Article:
Friday, September 10, 2010. New Orleans Seafood Festival.

Written by Tom Fitzmorris September 20, 2010 16:06 in

DIning Diary

Friday, September 10.
New Orleans Seafood Festival. In The Rain.
Among the many effects of the relentless motion of the food culture to the casual pole has been a great increase in the number of food-centered festivals. No end is in sight. We seem to have an insatiable desire to attend these events. Each new festival inspires plenty enough enthusiasm to guarantee its long-term claim on the weekend it stakes out. The only limiting factor is the finite number of weekends.

The New Orleans Seafood Festival began three years ago on Fulton Street. Few Orleanians had that location firmly fixed on their mental maps. But they managed to find it and fill the street for two blocks. This year, the party moved to Lafayette Square, a much more pleasant venue with big oak trees and a prominence matched only by Jackson Square.

Indeed, this felt a lot like the Jackson Square component of the comparatively venerable French Quarter Festival in the spring. It even featured a lot of the same food vendors, selling the same dishes.

One thing I wish they'd copy from the FQF next years is the way music is played. The French Quarter Festival's music stage in Jackson Square can only barely be heard on the other side of the Square. Only one group of people would not agree that this is the way it should be. Musicians believe that their music must make conversation impossible anywhere on the grounds.

The musicians have had their way in all four runnings of the Seafood Festival. I know, because my radio show was present at the Seafood Festival every year. And every year it's a battle for me to hear what the guests, callers, or host is saying. This year was especially bad, with our broadcast table situated between the music stage and the cooking demo stage. The latter was not nearly as loud as the music, but they had pretty powerful amplification.

All of that was a minor irritation compared with what else we faced. A compact but powerful thunderstorm came through Lafayette Square during the first hour, making the relatively few attendees run for cover. (Except for about a dozen guys standing in front of the music stage, getting drenched.) Some pretty good puddles and water flows made walking squishy.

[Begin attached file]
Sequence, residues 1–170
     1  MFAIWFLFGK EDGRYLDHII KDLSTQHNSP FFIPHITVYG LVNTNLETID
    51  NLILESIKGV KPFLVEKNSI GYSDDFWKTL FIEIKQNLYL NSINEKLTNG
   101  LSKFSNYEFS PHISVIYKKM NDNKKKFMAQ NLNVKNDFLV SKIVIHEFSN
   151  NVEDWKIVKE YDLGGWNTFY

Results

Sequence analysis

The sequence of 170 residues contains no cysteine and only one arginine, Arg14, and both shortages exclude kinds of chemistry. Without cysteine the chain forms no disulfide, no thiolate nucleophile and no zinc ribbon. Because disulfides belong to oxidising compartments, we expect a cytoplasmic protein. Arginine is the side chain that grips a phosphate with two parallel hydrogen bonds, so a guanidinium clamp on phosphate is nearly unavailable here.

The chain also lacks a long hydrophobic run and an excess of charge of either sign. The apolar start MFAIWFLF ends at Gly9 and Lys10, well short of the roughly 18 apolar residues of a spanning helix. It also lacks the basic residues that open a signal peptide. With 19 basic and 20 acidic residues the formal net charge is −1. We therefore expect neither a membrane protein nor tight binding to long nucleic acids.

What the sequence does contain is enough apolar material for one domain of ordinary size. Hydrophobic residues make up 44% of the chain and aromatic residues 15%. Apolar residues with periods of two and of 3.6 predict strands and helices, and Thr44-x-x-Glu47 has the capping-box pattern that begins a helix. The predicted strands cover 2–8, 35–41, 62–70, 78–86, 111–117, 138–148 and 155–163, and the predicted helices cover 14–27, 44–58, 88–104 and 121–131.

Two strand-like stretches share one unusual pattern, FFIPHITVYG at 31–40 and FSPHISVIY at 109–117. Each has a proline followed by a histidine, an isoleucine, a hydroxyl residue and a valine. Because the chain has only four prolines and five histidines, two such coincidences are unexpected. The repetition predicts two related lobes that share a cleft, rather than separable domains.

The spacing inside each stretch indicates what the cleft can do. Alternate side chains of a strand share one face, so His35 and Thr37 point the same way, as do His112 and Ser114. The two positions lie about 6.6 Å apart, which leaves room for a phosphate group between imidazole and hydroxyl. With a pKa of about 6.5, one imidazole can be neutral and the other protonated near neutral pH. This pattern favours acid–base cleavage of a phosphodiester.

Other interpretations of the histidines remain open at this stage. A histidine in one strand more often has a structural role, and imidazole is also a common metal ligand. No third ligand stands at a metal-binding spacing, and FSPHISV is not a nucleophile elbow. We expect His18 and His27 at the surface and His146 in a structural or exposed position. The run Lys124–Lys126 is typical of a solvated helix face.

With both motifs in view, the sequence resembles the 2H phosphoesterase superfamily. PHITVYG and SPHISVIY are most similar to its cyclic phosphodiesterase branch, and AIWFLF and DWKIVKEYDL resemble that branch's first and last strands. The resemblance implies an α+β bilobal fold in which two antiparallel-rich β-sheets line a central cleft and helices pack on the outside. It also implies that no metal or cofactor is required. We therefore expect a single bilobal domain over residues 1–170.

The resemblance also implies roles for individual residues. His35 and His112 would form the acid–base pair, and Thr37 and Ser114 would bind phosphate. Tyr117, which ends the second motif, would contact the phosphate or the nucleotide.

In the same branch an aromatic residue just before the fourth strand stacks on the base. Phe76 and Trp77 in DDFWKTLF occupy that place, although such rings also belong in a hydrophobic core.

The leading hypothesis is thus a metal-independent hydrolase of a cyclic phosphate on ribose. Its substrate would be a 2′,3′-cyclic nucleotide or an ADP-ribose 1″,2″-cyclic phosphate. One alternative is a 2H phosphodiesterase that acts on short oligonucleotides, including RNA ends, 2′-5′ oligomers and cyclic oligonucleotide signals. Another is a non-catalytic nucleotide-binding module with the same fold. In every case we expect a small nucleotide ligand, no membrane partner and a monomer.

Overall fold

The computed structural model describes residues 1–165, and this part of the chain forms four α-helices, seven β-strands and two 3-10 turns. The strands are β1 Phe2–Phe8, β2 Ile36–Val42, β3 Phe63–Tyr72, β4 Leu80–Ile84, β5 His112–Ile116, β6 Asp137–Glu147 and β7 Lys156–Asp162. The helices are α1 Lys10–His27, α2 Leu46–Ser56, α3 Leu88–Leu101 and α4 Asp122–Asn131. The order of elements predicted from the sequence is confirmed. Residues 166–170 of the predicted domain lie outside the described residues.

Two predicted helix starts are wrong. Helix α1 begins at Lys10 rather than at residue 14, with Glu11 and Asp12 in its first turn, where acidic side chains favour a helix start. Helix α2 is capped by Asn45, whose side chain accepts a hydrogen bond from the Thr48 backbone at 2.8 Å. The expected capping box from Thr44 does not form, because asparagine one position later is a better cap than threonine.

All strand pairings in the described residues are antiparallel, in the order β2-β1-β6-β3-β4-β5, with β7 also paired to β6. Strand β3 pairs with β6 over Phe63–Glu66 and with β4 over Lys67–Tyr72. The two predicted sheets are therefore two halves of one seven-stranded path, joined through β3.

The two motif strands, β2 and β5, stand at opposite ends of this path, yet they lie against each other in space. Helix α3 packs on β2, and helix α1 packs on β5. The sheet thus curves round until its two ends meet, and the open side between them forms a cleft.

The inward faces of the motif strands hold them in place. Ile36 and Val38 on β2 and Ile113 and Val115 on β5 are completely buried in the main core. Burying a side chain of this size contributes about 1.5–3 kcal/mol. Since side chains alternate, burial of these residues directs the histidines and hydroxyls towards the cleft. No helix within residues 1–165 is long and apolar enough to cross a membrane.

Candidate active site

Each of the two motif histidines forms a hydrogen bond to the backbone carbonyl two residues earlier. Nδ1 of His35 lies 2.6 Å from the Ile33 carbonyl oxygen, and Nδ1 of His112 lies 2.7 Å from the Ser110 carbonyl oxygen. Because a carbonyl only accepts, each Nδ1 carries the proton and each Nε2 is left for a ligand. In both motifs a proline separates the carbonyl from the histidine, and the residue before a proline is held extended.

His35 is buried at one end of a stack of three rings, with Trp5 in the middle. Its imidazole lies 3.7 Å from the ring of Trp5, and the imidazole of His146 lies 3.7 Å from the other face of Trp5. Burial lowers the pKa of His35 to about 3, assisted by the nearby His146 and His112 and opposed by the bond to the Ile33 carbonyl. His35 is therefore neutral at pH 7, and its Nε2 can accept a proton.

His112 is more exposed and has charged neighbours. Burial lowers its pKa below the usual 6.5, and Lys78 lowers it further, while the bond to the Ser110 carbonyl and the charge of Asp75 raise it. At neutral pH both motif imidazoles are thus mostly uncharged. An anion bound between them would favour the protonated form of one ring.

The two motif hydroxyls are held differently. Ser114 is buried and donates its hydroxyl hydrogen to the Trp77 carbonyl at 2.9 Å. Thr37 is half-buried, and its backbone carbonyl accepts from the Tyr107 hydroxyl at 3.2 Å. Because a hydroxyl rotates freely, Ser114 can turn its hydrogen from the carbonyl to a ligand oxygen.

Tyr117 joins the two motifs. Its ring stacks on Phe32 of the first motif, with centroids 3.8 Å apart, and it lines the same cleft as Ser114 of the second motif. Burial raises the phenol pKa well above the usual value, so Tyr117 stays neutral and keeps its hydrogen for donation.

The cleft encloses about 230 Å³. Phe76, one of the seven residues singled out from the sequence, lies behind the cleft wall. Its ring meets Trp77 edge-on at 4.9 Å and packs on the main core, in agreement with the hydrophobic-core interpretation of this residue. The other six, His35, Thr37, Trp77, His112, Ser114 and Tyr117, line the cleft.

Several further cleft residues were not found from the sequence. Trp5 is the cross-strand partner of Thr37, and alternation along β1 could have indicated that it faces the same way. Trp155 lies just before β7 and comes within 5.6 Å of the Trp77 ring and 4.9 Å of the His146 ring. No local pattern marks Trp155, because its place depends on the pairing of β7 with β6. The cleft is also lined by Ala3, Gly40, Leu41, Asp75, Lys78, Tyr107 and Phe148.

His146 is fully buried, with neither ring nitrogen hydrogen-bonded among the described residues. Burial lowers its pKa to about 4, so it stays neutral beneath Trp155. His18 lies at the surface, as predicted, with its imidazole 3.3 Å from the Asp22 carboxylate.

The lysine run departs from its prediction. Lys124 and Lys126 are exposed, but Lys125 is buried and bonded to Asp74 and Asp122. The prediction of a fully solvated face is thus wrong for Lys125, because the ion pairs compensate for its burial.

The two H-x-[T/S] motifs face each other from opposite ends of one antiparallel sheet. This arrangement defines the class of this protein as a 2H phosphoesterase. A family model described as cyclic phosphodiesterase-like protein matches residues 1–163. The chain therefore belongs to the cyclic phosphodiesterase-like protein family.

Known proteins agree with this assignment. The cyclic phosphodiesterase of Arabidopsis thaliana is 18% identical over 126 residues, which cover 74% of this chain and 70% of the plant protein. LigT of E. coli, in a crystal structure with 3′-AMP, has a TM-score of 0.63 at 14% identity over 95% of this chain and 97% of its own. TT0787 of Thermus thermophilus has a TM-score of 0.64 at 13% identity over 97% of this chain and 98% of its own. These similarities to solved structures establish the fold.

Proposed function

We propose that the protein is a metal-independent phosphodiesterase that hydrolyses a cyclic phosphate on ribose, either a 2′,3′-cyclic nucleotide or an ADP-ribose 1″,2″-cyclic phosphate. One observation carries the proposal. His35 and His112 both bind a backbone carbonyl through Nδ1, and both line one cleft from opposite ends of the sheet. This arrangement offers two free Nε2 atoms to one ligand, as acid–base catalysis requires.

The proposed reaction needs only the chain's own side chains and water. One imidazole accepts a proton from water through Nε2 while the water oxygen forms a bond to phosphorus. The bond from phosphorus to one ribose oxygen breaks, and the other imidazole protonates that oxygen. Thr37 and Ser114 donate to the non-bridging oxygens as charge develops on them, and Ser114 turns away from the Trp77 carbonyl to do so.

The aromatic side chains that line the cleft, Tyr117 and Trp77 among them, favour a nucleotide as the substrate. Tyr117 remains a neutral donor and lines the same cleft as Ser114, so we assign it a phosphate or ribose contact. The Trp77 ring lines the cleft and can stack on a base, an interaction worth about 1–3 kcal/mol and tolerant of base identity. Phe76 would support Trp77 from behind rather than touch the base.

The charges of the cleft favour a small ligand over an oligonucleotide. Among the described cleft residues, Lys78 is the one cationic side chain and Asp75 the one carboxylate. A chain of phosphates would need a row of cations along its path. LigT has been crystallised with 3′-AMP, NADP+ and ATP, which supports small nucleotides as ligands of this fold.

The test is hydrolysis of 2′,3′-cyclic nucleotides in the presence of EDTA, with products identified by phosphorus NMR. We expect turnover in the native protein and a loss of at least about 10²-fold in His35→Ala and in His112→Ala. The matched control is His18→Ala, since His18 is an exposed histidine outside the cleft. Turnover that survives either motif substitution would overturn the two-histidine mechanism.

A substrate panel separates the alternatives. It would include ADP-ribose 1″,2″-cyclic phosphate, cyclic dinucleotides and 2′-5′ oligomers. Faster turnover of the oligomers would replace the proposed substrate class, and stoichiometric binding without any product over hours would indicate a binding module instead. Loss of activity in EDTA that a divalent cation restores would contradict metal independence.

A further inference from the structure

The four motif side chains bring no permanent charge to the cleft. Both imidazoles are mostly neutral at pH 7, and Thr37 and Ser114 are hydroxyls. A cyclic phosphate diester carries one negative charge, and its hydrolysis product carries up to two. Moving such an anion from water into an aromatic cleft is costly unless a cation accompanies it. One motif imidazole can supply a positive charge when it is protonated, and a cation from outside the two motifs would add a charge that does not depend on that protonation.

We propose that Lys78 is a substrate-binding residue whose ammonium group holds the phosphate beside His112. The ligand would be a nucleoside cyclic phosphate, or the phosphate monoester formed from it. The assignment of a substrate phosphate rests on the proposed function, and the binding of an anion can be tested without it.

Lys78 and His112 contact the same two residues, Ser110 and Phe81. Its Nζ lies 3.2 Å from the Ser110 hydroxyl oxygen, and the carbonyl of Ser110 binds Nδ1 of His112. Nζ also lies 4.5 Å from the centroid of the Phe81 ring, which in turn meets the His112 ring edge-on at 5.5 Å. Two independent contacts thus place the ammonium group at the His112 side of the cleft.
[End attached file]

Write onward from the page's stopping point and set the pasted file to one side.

Then the storm cleared. The sun came out. The steam rose. The square drained quickly. A rainbow formed--in front of the adjacent office tower, something I've never seen before. And people began to show up. By the time my radio show ended at seven, the Seafood Festival had a nice crowd, one that would continue to grow through the evening. Rain free on Saturday and Sunday, the Festival was spilling over with happy people.

Crawfish pie.

Since I couldn't hear phone callers (they weren't calling, anyway), I spent most of the show talking with the chefs. I asked all of them the same question: "How has summer been?" They each brightened up and replied with some variation of, "Business has been terrific, even through August and into September! We laid off some people at the start of the summer and had to bring them all back right away!" A few restaurateurs here and elsewhere say this has been the best summer not only since Katrina, but in the last twenty years.

Shrimp and crab poor boy from Royal House.

The vendors were an impressive lot. They began with Mr. B's (seared tuna and pasta salad, below), Galatoire's, Broussard's, Arnaud's (crawfish pie, above, top), Drago's, Luke, and Café Giovanni, and went on from there. Royal House's shrimp and crab poor boy is above. Only a couple of festival specialists and caterers, but even those were good: Mr. Mudbug, for example, had a great seafood pasta. The prices were reasonable: five or six bucks for substantial servings. Three portions at most would have done it for most appetites.

Seared tuna from Mr. B's.

Mary Ann showed up in the middle of the show and helped me keep guest chefs coming. One of them refused to talk with me. I don't blame him: I give his restaurant--which opened with a huge p.r. push that it never lived up to five years ago--two stars. Every time I go there, the food gets a little less interesting. What can I do? Say I really do like it when I don't? If I didn't have a few restaurants mad at me, I wouldn't be doing my job very well.